The ability to treat rapidly emerging infectious diseases with pathogen specific antibodies is hampered by the difficulty in producing large amounts of antibodies in a timely fashion. Isolation of antibodies from convalescent serum in humans requires a large motivated pool of human donors. Monoclonal or polyclonal antibodies in animals have the potential for severe reactions arising from human immune responses against animal derived antibodies. Monoclonal humanized antibodies take a long time to develop and can result in the rapid development of escape mutants, something not observed with polyclonal antibodies. The authors describe a new approach to rapidly generating polyclonal human anti-pathogen antibodies using transgenic cows.
|The Role of Bacteria and Bacterial-derived Metabolites in Intestinal Immune Homeostasis|
The human intestine is home to trillions of highly diverse commensal bacteria, which exist in a symbiotic and mutualistic relationship with their host. Many key aspects of human health, including tolerance to the constituents of the microbiota itself, vitamin and nutrient absorption and the development of cells within the intestinal mucosa, are dependent on the presence of these beneficial microbes1. In addition, the microbiota also plays a vital role in protecting the host from invading pathogenic bacteria, via competition for substrate and niche, as well as through the production of antimicrobial compounds. Understanding how specific bacteria influence intestinal immunity is key for understanding the physiology of intestinal homeostasis, and also has the potential to define new treatments for intestinal diseases.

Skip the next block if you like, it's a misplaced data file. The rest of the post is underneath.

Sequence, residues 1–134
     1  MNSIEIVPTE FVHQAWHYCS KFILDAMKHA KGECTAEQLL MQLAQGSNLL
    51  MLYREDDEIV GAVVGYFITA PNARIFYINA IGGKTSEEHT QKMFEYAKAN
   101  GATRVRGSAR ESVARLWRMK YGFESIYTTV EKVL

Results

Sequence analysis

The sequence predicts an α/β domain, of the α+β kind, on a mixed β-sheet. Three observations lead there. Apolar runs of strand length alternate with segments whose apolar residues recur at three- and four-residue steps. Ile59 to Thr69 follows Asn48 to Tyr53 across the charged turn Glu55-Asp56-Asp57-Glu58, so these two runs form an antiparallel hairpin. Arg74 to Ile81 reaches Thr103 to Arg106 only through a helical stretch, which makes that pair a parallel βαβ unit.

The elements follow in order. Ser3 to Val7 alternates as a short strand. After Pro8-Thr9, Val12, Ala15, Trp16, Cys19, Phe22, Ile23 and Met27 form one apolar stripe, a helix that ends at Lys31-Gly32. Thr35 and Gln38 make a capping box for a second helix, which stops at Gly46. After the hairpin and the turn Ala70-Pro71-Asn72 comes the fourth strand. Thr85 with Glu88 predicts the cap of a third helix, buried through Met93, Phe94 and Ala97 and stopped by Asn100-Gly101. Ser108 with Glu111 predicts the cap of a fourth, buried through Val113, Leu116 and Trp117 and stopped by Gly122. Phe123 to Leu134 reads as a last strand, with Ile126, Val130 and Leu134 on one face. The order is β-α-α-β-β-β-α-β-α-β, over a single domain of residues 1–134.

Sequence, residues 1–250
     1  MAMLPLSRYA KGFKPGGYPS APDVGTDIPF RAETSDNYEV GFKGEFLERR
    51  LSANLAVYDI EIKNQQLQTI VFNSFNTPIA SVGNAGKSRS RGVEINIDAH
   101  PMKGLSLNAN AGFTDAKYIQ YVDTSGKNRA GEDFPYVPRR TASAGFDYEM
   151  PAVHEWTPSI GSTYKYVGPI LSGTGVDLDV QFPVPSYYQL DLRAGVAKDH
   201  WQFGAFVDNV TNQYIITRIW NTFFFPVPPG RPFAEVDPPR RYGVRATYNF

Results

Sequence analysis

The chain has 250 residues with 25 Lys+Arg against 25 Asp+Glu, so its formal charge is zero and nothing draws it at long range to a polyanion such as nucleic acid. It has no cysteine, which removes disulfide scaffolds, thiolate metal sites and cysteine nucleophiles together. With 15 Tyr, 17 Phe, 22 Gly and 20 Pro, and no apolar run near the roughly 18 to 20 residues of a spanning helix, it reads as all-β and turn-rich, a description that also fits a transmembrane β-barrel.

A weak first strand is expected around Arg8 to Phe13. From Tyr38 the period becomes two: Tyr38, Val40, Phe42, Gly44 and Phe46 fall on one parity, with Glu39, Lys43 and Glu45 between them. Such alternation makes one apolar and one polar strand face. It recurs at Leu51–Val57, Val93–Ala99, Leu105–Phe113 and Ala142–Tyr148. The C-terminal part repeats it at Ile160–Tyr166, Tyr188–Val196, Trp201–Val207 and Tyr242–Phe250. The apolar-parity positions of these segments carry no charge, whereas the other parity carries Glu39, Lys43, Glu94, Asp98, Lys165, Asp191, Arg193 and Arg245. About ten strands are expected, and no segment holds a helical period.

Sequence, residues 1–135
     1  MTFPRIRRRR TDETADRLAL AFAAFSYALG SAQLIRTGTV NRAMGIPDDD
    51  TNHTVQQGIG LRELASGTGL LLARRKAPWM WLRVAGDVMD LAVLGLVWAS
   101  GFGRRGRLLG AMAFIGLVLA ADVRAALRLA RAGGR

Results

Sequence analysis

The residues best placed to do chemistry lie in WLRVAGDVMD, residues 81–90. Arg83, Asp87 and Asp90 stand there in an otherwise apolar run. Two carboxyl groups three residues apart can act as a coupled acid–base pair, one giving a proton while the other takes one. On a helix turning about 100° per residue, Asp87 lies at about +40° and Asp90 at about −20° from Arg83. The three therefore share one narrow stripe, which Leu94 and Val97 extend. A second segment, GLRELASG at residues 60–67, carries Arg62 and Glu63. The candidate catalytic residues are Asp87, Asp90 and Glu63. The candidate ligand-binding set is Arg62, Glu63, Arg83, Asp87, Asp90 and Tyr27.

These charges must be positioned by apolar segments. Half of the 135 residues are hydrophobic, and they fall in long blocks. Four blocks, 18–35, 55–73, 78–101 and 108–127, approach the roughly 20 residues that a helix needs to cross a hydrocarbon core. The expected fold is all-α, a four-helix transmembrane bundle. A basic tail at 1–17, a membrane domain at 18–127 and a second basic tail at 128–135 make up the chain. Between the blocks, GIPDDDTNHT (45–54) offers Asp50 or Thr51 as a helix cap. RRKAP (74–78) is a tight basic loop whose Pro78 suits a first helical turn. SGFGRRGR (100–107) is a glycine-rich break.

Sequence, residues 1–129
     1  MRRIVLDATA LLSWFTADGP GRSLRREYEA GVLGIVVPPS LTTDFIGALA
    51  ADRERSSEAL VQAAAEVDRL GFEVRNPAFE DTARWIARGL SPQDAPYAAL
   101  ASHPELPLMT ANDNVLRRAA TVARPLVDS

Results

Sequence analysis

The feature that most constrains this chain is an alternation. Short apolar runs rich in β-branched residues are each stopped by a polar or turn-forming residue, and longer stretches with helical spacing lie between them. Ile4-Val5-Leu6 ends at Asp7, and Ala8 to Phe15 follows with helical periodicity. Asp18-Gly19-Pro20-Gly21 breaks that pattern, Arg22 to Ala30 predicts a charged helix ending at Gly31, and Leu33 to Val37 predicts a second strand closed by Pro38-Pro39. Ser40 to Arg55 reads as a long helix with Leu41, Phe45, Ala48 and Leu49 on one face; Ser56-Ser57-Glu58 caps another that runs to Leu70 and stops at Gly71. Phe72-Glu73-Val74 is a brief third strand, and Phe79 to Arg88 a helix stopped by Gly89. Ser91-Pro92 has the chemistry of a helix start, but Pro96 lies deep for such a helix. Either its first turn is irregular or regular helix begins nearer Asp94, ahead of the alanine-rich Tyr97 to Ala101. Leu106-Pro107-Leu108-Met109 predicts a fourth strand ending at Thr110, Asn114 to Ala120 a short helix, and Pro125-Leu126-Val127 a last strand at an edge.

|Efficacy and Safety of Dupilumab in Adults with Moderate-to-severe Atopic Dermatitis Inadequately Controlled by Topical Treatments: A Randomised, Placebo-Controlled, Dose-Ranging Phase 2B Trial|
Clinical Trial: Thaci D, Simpson E, Beck L, et al. Lancet 2016; 387:40-52
Disease: Atopic dermatitis
Intervention: Dupilumab or placebo. Dupilumab is a human monoclonal antibody directed against the interleukin (IL)-4 receptor alpha subunit that blocks signaling of both IL-4 and IL-13, Th2 cytokines.
Thank you to the 2013 FOCIS Corporate Council: